What is the HPV vaccine?

Learn more about the what, why and importance of the HPV vaccine for preventing cervical cancer.

What is the HPV vaccine?

A vaccine called Gardasil 9 protects against seven human papillomavirus (HPV) types that cause around 90% of cervical cancers.

The vaccine also protects against two non-cancer-causing HPV types which cause 90% of genital warts.

Who gets the HPV vaccine?

Gardasil 9 is available through the National HPV Vaccination Program where girls and boys aged 12-13 are offered the vaccine for free in schools, as a single injection.

Girls and boys aged up to 25 who missed out on the vaccine at school can obtain the vaccine for free from their local immunisation provider or doctor as part of the ongoing program. 

Do HPV-vaccinated people still need a Cervical Screening Test?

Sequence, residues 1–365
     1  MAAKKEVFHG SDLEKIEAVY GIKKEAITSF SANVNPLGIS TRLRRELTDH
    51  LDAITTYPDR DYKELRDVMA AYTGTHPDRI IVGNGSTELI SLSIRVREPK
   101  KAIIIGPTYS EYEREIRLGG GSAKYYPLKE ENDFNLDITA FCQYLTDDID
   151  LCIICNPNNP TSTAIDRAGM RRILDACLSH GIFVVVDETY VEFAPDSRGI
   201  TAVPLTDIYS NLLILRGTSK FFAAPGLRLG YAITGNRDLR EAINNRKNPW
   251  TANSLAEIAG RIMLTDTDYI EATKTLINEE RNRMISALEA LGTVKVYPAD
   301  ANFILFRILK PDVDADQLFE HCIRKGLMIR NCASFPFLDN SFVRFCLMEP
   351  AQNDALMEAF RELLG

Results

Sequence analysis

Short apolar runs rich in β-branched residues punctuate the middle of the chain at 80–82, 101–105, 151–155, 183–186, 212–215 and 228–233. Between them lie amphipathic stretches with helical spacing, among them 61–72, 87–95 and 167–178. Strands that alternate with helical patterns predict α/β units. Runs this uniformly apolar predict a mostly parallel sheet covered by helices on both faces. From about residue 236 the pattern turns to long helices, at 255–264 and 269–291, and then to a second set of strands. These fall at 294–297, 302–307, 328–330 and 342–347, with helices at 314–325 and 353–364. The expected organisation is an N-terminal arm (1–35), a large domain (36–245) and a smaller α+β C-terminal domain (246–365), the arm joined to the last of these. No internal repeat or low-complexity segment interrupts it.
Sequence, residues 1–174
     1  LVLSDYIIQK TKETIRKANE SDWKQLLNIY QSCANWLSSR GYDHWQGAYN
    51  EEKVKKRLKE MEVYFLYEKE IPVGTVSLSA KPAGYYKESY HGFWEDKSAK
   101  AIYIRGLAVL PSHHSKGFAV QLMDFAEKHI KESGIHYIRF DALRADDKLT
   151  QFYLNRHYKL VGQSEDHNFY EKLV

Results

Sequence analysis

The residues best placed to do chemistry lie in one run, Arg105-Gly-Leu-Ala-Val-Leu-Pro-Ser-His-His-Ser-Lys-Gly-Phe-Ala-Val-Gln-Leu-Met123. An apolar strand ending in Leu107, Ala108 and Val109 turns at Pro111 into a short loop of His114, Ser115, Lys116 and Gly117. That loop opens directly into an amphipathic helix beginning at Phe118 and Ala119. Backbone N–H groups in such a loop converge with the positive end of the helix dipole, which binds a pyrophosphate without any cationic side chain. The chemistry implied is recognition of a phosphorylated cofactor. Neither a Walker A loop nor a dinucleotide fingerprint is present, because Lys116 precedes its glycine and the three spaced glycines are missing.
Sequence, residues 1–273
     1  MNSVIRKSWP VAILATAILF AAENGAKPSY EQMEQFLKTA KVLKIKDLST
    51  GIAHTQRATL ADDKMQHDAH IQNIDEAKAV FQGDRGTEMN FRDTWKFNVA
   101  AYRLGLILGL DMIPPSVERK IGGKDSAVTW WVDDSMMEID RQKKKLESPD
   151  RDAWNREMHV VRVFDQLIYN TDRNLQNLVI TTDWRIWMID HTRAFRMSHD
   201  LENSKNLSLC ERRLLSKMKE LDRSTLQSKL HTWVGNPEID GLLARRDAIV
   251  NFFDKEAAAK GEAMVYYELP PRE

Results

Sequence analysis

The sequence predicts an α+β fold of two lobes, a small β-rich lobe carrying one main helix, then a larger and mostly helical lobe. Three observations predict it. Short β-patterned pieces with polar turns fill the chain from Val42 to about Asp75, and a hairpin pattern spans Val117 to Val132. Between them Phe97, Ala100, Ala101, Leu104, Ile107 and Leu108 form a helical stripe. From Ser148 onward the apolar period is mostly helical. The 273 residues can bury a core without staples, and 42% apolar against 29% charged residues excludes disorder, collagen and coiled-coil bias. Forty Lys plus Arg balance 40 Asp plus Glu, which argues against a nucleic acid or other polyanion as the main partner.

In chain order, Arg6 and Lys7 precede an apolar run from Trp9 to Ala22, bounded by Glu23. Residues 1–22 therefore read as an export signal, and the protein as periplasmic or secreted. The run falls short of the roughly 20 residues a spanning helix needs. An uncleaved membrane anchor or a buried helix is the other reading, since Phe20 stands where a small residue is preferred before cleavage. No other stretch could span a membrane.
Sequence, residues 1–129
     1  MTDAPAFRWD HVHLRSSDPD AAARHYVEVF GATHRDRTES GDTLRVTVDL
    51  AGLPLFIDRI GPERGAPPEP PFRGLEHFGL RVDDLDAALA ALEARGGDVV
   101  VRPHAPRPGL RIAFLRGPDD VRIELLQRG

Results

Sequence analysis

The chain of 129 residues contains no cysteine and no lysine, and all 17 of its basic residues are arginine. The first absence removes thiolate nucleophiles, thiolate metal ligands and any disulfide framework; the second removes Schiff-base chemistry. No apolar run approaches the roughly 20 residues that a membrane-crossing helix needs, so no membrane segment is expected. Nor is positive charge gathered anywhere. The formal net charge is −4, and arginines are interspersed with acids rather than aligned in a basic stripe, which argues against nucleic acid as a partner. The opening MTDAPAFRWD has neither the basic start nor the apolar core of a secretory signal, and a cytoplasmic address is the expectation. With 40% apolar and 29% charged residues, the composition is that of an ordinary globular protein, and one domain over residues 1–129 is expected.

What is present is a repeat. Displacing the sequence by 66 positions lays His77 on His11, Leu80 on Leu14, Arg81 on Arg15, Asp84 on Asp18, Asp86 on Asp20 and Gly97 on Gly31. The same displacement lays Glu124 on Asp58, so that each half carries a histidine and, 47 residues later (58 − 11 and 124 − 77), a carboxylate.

Yes, HPV-vaccinated women and people with a cervix between the ages of 25-74 still need to have a Cervical Screening Test every five years.

While the HPV vaccine is effective at protecting against some cervical cancer-causing types of HPV, it does not protect against all types of HPV that can lead to cervical cancer.

Young woman at doctor's clinic

The HPV Vaccine and the Cervical Screening Test work together to prevent cervical cancer.

All women and people with a cervix aged between 25 and 74—whether you are HPV vaccinated or not—need regular cervical screening to reduce your risk of developing cervical cancer.

By working together, we aim to eliminate cervical cancer by the 2030s.

Learn more about cervical screening >

When is the best time to have the HPV vaccine?

The best time to have the HPV vaccination is before a person becomes sexually active.

The HPV vaccine is not effective against an HPV infection that is already in the body. It is best to vaccinate before potential exposure to the virus through sexual contact.

More information

Visit Cancer Council's HPV vaccine website to learn more about the HPV vaccine and the National HPV Vaccination Program.

Learn more >